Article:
He chose to go with the fourth help flight, trusting that his quality would guarantee that the guide would be conveyed to the survivors. The plane he sanctioned for a New Year’s Eve flight, a Douglas DC-7 payload plane, had a past filled with mechanical issues and a deficient number of flight work force (missing both a flight specialist and copilot), and was over-burden by 4,200 pounds. It collided with the Atlantic Ocean off the shore of Isla Verde, Puerto Rico promptly after departure on December 31, 1972 because of motor disappointment.
A couple of days after the accident, the body of the pilot and part of the fuselage of the plane were found. An unfilled flight case clearly having a place with Clemente was the main individual thing recuperated from the plane. Clemente’s partner and dear companion Manny Sanguillén was the main individual from the Pirates not to go to Roberto’s remembrance benefit. The Pirates catcher picked rather to plunge into the waters where Clemente’s plane had smashed with an end goal to discover his colleague. The assortments of Clemente and three other people who were additionally on the four-motor plane were never recouped.
Montreal Expos pitcher Tom Walker, at that point playing winter alliance ball in Puerto Rico (in an association later named after Clemente), helped Clemente stack the plane. Either in light of the plane’s weight stack or on the grounds that Clemente needed Walker, who was single, to go appreciate New Year’s, Clemente let him know not to go along with him on the flight. Walker’s child is present New York Yankees infielder and previous Met and Pirate Neil Walker.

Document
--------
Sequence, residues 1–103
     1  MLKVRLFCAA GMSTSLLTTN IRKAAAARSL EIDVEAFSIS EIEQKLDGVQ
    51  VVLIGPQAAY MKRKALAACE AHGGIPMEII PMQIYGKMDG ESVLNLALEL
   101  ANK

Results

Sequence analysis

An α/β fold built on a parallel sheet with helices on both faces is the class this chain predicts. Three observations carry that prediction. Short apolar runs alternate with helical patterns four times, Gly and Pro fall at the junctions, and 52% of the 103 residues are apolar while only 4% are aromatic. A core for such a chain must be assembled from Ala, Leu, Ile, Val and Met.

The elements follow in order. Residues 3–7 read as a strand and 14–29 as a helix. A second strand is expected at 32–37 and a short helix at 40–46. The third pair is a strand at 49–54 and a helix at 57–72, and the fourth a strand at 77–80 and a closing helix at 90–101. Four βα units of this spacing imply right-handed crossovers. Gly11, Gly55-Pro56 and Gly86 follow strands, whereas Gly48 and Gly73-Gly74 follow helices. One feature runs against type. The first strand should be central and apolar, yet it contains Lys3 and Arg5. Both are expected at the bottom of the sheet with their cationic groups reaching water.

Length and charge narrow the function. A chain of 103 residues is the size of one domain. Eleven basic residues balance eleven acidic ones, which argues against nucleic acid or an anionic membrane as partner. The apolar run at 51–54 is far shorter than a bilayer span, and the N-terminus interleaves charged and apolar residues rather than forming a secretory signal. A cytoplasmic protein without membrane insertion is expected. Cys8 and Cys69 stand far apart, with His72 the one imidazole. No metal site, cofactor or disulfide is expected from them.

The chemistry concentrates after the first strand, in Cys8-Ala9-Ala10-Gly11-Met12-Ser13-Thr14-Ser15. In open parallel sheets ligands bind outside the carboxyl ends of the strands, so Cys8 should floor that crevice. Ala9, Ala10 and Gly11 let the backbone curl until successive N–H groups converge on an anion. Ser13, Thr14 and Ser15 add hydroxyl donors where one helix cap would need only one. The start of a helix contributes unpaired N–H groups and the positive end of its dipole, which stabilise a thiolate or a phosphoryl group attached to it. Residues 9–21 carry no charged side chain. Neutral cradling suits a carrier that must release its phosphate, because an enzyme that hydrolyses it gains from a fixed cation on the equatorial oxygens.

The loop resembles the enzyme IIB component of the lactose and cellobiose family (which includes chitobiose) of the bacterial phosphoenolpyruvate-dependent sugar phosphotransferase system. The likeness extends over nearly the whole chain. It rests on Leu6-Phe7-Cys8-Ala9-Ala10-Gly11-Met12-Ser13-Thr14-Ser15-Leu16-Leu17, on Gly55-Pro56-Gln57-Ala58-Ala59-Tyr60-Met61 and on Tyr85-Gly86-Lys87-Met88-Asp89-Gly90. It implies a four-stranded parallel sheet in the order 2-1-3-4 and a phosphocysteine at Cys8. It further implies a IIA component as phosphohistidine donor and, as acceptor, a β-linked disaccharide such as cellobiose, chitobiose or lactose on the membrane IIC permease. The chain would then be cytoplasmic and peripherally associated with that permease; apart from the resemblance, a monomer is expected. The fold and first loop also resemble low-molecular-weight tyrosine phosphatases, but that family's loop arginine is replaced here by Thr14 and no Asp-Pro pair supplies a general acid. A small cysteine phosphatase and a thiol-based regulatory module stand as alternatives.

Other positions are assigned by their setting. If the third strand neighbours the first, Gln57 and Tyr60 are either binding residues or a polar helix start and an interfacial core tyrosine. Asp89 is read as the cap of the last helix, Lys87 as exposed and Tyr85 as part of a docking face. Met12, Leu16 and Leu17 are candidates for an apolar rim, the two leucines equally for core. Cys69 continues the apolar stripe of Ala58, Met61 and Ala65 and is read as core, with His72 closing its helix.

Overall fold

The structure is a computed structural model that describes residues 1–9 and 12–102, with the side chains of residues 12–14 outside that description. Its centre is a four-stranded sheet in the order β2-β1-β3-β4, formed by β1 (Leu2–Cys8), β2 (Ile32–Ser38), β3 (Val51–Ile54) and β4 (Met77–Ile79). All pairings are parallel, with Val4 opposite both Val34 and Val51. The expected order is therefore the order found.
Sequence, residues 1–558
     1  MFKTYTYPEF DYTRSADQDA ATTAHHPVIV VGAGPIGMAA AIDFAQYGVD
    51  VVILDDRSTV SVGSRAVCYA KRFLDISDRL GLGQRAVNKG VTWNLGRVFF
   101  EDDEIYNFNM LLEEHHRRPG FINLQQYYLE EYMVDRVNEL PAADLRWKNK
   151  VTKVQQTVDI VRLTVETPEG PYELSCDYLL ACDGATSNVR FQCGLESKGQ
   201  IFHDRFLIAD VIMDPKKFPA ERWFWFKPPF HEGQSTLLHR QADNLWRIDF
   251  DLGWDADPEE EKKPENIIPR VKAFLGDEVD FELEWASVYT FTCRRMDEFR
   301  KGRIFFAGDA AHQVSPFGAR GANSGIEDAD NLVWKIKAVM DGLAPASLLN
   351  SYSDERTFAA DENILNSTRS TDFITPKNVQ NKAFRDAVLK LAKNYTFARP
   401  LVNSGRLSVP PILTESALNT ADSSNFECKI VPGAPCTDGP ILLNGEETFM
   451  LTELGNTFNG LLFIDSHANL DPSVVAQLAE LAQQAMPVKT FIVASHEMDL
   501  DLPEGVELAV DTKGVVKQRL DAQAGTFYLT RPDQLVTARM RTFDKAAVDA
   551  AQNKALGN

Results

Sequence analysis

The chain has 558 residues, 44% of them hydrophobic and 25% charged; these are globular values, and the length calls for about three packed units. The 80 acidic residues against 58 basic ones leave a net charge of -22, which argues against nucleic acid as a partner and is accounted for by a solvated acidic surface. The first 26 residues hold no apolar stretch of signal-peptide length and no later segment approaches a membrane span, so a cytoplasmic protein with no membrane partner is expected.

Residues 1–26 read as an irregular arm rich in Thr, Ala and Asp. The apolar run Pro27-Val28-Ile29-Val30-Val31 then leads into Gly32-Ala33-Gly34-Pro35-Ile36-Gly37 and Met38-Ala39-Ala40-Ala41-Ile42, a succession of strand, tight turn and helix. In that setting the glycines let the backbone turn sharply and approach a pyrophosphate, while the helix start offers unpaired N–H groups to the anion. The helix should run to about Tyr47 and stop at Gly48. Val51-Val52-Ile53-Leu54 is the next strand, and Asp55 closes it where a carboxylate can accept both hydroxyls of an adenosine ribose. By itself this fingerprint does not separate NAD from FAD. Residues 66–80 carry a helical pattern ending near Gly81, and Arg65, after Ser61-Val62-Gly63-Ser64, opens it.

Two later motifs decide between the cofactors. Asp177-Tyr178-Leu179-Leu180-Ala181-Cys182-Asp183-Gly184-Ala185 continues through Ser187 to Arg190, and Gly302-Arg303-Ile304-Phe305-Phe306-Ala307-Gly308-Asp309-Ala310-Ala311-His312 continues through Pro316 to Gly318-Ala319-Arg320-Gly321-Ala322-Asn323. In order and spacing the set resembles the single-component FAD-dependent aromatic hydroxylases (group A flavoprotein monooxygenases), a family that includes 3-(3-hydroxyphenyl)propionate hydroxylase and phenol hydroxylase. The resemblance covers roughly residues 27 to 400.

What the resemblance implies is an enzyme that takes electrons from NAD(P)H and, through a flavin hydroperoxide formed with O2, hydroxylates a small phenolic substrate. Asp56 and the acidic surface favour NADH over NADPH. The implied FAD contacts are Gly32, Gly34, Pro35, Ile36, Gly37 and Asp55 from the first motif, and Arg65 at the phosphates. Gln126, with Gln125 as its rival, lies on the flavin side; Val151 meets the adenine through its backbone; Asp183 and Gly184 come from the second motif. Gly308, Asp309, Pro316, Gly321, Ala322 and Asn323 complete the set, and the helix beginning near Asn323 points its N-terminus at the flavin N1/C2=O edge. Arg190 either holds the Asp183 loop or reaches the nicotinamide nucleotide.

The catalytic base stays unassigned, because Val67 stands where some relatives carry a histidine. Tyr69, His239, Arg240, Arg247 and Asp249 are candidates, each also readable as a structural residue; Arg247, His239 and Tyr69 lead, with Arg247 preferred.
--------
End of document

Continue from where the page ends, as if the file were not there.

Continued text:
In a meeting for the ESPN narrative arrangement SportsCentury in 2002, Clemente’s dowager Vera specified that Clemente had revealed to her few times that he thought he would kick the bucket youthful. In reality, while being asked by telecaster and future individual Hall of Famer Richie Ashburn in July 1971 amid the All-Star Game exercises about when he would get his 3,000 profession hit, Clemente’s reaction was “Well, uh, you never know. I, I, uh, in case I’m alive, similar to I said previously, you never know since God reveals to you to what extent you will be here. So no one can tell what can happen tomorrow.” Clemente’s more seasoned stepbrother, Luis, kicked the bucket on December 31, 1954 and his stepsister a couple of years after the fact.
At the season of his passing, Clemente had set up a few records with the Pirates, incorporating most triples in an amusement (three) and hits in two continuous recreations (ten). He won 12 Gold Glove Awards and offers the record of most won among outfielders with Willie Mays. On July 25, 1956, in a 9– 8 Pittsburgh win against the Chicago Cubs, Clemente hit the main stroll off inside-the-recreation center fabulous hammer in expert baseball history.
Corridor of Fame
On March 20, 1973, the Baseball Writers’ Association of America held an uncommon race for the Baseball Hall of Fame. They casted a ballot to forgo the sitting tight period for Clemente, because of the conditions of his demise, and after death chose him for enlistment into the Hall of Fame, giving him 393 out of 420 accessible votes, for 92.7% of the vote.
Clemente’s Hall of Fame plaque initially had his name as “Roberto Walker Clemente” rather than the best possible Spanish organization “Roberto Clemente Walker”; the plaque was recast in 2000 to remedy the mistake.